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Some thoughts:

  • Don't compare your brand-new ideas to other people's finished products. (As the cliche says, don't compare your "insides" to other people's "outsides".) For every project that gets finished, there are a hundred more that never make it past mile 1.
  • Not every project is worth finishing. If you actually made the effort to take every idea to completion, you'd be exhausted and wouldn't have any time for the simpler things in life: family, friends, fun.
  • In order for me to keep the motivation to finish a project, it needs to align with two or more of my passions. "Getting rich" is not one of my passions, so I can't necessarily reach the finish line with an idea just because I think it will be a huge success. Music and rap lyrics and fiction, on the other hand, are my passions, so projects I undertake in those categories have a much better chance at success. When I get discouraged about the process, I remind myself how much I care about the goal.
  • Every project has boring and frustrating parts. Here's one of my favorite explanations of this: "Dark night of the soul" Being aware of the "mid-project slump" helps a lot. Get past that and you're on your way.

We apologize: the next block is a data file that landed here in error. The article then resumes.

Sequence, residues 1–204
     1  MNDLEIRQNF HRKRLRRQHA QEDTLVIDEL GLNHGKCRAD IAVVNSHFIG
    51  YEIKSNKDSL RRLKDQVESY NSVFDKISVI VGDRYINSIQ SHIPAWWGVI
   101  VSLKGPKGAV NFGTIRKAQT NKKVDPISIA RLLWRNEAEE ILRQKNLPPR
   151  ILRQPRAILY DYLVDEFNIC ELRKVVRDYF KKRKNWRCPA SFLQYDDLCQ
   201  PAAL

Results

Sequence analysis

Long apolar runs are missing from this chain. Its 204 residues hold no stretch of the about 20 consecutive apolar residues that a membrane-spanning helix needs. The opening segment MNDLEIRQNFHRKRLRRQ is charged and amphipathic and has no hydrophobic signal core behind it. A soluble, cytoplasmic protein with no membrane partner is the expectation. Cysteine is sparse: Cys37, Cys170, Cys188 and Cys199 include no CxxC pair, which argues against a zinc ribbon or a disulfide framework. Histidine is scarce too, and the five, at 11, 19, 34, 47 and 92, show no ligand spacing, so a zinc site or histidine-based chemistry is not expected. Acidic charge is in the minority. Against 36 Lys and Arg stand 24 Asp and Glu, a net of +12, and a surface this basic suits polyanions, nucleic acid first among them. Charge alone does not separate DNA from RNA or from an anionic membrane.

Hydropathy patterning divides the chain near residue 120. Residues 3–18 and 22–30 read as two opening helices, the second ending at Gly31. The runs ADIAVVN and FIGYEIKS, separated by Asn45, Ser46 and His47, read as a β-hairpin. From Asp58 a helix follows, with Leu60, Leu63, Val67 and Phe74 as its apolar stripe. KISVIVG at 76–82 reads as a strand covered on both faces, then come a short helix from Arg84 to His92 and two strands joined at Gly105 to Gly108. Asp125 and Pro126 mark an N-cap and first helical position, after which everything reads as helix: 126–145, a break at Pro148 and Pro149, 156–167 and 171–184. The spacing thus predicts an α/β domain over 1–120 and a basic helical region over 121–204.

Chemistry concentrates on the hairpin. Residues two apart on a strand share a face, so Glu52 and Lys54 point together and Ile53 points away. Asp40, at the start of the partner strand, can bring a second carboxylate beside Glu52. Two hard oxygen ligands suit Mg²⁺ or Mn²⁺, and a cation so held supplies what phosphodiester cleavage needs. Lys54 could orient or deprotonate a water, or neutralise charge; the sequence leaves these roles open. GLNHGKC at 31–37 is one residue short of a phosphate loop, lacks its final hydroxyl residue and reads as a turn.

• Don't go it alone. Find another person who cares about your project (or even just someone who cares about you) and keep them up to date on your progress.
  • Don't overdo it. If you try to work on a project for 10 hours a day, 7 days a week, you'll quickly pass a "punishment threshold" where your brain will convince you to procrastinate getting back to it because it's so exhausted. Limit yourself to reasonable hours and take days off. Leave yourself wanting more.
 

This happens to everyone, and for myself, I know this happens when I don't expose myself to a steady stream of new and interesting ideas and experiences. These don't have to be related to coding, either.

If possible, I shut off at 4pm every day, and spend the rest of my evening with other things to refresh myself.

Read books. Invest in relationships, learning about the other people in your life. Take up new hobbies like sports, wood working, drawing -- something that gets you away from the screen, preferably.

 

Tbh, I've recently been down a bit too. I don't know if it's the time of year or what. Personally, I think I just need a break since I've been doing it a bit obsessively recently (for fun and for school). But I also try to remember that I'm not in a race either and that it is in fact just a hump that we can get over.

 

I'd suggest taking a break. Maybe, if you don't want to completely set programming a side, do some reading to get new views on your craft.

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Mike profile image
Full-time freelancer; Former Lead Engineer / Senior Management; speaker; 14 years in development; open for consulting and freelance opportunities.